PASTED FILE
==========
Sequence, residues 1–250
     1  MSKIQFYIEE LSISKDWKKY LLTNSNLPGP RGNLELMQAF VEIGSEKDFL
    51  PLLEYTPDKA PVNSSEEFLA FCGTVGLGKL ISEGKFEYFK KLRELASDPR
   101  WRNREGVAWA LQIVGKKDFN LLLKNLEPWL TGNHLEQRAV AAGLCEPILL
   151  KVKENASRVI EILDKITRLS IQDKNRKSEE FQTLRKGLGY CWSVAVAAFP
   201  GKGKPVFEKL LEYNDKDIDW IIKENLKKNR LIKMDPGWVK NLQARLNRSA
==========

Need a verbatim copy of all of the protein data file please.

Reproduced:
Sequence, residues 1–250
     1  MSKIQFYIEE LSISKDWKKY LLTNSNLPGP RGNLELMQAF VEIGSEKDFL
    51  PLLEYTPDKA PVNSSEEFLA FCGTVGLGKL ISEGKFEYFK KLRELASDPR
   101  WRNREGVAWA LQIVGKKDFN LLLKNLEPWL TGNHLEQRAV AAGLCEPILL
   151  KVKENASRVI EILDKITRLS IQDKNRKSEE FQTLRKGLGY CWSVAVAAFP
   201  GKGKPVFEKL LEYNDKDIDW IIKENLKKNR LIKMDPGWVK NLQARLNRSA